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Semi-colons

Semi-colons

How to effectively use semi-colons.

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Semi-colons are used to indicate connections between different parts of a sentence in the circumstances outlined below.

Separating items in a complex list

Within complex lists, each item may consist of more than one word and a semi-colon helps to separate the items clearly.

For example:

The publications about the North East focus on several areas: arts, culture and museums; leisure and tourism; the history of mining, shipbuilding and heavy industry.

Linking two closely connected sentences

Often used to fix run-on sentences, semi-colons are used in place of a full stop or linking word (a coordinating conjunction, such as ‘and’, ‘but’ and ‘or’) and must be preceded and followed by a complete sentence. Therefore, each half should be capable of standing alone as a complete sentence.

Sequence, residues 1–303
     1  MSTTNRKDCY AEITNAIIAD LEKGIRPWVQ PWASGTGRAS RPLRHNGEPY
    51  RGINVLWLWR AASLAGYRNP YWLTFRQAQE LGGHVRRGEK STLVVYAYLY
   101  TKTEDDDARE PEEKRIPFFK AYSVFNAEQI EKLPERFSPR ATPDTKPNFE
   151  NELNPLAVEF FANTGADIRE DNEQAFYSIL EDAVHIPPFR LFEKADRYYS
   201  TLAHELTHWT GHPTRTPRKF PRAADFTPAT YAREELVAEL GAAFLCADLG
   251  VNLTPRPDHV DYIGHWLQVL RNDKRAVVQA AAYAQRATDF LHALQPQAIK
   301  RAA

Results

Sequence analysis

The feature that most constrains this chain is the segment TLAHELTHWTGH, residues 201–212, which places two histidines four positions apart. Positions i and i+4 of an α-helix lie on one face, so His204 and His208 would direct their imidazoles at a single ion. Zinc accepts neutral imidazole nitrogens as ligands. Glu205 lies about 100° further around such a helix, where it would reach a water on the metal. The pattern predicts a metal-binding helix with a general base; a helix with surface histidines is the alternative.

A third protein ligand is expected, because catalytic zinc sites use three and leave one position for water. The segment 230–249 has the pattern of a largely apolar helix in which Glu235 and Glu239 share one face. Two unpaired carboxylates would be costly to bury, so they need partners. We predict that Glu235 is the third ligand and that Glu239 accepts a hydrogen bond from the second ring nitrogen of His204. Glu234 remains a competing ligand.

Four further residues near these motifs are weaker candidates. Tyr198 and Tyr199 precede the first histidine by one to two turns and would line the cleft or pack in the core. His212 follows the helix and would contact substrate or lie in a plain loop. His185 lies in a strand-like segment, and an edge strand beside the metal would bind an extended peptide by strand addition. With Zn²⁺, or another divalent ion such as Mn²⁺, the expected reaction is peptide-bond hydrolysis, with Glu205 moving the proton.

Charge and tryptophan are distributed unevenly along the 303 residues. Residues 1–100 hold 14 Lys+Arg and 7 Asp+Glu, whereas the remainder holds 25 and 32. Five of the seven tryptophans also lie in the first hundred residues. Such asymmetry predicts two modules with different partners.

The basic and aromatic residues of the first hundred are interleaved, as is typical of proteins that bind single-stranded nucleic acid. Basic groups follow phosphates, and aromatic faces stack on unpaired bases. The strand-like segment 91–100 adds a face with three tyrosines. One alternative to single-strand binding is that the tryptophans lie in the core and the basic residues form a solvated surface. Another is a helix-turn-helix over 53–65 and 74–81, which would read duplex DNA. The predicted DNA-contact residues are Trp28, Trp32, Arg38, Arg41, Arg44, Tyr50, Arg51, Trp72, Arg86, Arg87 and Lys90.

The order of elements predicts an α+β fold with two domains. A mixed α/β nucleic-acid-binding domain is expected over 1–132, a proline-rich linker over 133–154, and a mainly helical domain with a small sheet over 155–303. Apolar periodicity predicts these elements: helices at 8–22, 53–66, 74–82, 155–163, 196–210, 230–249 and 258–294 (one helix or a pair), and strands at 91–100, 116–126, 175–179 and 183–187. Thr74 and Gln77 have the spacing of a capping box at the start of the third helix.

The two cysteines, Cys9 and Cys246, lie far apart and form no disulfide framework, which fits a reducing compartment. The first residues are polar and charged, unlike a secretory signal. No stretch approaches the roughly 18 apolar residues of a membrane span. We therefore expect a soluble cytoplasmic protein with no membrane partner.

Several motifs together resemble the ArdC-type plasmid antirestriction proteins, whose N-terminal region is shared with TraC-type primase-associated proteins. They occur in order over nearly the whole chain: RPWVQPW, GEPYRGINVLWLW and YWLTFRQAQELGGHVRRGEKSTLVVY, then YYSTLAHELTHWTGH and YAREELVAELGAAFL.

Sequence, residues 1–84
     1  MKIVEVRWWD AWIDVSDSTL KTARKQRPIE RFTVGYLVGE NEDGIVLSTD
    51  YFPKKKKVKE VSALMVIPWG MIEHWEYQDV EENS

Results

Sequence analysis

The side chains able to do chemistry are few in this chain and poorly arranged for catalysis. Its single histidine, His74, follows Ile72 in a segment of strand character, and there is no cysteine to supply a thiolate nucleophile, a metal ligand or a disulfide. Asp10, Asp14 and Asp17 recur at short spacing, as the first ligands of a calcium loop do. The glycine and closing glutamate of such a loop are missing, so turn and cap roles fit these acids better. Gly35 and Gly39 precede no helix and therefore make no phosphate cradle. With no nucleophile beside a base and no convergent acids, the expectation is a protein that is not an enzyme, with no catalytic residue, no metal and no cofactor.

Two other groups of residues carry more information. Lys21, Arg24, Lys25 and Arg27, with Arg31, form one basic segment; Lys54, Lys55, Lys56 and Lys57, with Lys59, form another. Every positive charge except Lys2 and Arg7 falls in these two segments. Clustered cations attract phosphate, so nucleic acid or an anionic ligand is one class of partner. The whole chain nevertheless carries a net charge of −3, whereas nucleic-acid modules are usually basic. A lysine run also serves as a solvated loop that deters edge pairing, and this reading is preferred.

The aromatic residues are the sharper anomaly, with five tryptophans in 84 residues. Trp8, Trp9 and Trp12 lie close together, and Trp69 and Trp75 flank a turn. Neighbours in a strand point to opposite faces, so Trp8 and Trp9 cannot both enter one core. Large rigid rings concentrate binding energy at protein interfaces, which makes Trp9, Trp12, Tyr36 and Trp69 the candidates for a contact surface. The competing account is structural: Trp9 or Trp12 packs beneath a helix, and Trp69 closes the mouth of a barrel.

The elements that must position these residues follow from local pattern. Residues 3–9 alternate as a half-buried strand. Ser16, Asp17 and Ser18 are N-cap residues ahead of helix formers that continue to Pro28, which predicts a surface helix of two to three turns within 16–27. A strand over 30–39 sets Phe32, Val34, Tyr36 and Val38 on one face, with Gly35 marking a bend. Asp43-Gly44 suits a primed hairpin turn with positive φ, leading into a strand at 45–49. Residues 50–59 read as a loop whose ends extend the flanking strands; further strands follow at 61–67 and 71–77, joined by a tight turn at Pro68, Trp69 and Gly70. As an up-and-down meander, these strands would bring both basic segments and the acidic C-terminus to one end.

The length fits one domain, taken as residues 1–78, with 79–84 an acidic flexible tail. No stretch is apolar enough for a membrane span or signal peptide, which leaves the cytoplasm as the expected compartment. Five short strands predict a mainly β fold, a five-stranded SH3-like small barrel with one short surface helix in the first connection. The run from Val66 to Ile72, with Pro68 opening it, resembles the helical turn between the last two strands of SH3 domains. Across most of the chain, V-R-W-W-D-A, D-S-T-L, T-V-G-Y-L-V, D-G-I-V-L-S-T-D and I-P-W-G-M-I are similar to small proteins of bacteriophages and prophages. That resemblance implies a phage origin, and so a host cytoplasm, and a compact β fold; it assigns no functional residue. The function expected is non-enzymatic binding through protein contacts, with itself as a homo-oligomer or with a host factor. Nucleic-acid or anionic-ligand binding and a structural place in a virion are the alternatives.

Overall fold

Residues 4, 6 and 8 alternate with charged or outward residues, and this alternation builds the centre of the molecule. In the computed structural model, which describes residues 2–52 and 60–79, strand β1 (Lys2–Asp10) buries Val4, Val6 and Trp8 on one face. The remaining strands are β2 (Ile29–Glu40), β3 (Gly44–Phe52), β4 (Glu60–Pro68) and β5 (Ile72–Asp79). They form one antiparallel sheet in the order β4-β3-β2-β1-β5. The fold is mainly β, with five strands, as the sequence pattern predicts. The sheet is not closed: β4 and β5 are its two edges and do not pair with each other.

For example:

There is a lack of literature about Newcastle; there are some recent publications about the North East

However, the alternative is still suitable: There is a lack of literature about Newcastle but there are some recent publications about the Northeast.

When thinking about whether to use semi-colons, other issues may come into consideration: the grammatical accuracy of the sentence; the length and complexity of the sentence; the accessibility of the key point for the reader.

If your semi-colon cannot be replaced with an “and” or a full stop, then it is likely that you have used it incorrectly.